“(5) Replying further to the third paragraph of the defendant’s answer the plaintiff says that the reason he did not collect from the defendant the full price and value of all the wheat which he sold to the defend-ant on or about June 25, 1897, was that for several years prior thereto he had been depositing with the defendant for storage in its elevator large quantities of both hard and soft wheat under an agreement, as alleged in the petition herein, that the defendant should keep such wheat separate and apart from any and all other wheat and deliver the same to the plaintiff upon demand and should receive therefor one cent per bushel for the- first fifteen days such wheat was kept by defendant and two-thirds of one cent per bushel per month for all the balance of the time such wheat should be kept by the defendant.”

*689For the ‘remainder of the reply see the opinion.' The reply was a departure. The plaintiff in the fourth count of his reply admits that he had sold the wheat to the defendant, and in the fifth count affirmatively asserts that he had made such sale and states the amounts and the prices which the defendant agreed to pay therefor, a part of which he had received, and further charges that “the. reason he did not collect from the defendant the full price and value of all the wheat which he sold to the defendant” was because of certain fraudulent representations and statements of the defendant made to him that he was indebted to it, by which he was induced to allow it a credit therefor on the settlement for the purchase-price of the wheat.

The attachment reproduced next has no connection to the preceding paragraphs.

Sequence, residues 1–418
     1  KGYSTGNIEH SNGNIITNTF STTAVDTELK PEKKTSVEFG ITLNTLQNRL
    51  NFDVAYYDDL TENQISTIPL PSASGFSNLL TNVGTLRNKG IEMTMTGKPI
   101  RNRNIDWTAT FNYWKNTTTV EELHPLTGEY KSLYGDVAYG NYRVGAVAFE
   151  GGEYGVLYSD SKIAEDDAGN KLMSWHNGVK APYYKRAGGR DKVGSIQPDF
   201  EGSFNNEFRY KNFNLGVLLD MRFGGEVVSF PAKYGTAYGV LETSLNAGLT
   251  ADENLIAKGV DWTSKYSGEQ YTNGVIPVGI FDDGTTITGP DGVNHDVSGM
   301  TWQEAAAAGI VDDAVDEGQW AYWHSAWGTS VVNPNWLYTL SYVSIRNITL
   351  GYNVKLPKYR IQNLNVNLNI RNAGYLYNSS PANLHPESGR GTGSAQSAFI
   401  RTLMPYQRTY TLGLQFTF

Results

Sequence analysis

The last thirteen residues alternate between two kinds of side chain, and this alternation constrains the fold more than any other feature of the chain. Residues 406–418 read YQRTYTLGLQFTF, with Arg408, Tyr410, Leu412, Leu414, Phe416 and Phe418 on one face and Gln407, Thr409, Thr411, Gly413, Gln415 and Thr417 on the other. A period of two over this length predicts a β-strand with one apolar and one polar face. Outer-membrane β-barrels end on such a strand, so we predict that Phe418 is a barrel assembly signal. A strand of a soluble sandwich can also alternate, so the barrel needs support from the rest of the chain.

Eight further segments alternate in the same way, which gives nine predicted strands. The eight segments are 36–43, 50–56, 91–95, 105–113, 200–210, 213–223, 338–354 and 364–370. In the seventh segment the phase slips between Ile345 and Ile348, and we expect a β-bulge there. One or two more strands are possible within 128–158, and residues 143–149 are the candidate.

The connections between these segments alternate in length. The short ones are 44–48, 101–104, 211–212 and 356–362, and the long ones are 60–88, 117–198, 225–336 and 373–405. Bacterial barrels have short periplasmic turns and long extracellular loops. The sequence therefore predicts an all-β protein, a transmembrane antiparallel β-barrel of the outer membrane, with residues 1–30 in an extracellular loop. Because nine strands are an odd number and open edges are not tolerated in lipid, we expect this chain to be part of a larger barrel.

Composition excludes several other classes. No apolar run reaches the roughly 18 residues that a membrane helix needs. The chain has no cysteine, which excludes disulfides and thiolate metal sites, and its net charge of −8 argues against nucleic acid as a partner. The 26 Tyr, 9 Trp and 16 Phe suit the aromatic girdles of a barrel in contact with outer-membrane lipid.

Something is attempted to be made out of the general denial in the reply by the majority opinion. In so far as such general denial was intended to apply to the third count in the answer, which alleged a purchase of the wheat, it was modified by the admissions just referred to in the fourth and fifth counts of the reply.

“Whatever is admitted in a special defense operates, so far, as a modification of a ‘general denial,’ and is to be taken as true, without other proof.” (Albert Wiley v. Keokuk, 6 Kan. 94, syllabus.)

If the plaintiff had parted with the ownership of the wheat he could not maintain conversion. The cause of action alleged in the petition is based upon ownership. When the defendant alleged that the plaintiff had parted with that ownership to the defendant, the plaintiff realized.that a recovery in conversion was legally impossible, shifted his position by his reply, admitted the contract and sale, and alleged the fraud practiced upon him in the settlement and payment for the wheat. The facts thus pleaded were ample to warrant the court in setting aside the settlement and rendering judgment for plaintiff for the unpaid contract price of the wheat.

*690It is asserted in the opinion that “the whole transaction of June 25, 1897, is avoided by the allegations quoted” from the reply. Two answers may justly be made to this assertion: First, the quotation does not fairly state the full scope of the reply; and, second, the reply does not seek to have the whole transaction of June 25, 1897, set aside, nor would the facts pleaded have warranted the court in setting aside any part of the contract of sale except the settlement, that being the only part of the transaction to which the fraudulent representations of the defendant applied, and which induced plaintiff to accept the amount of the storage account in part payment for the wheat. If the facts stated in the reply had been pleaded in a petition it would have stated a good cause of action upon which a court would have set aside the settlement and awarded judgment for the plaintiff for the contract price of the wheat, less the amount admitted to have been paid. The facts charged in the reply were absolutely contradictory of the allegation of conversion. The proof of their existence on the trial would have defeated the action in conversion.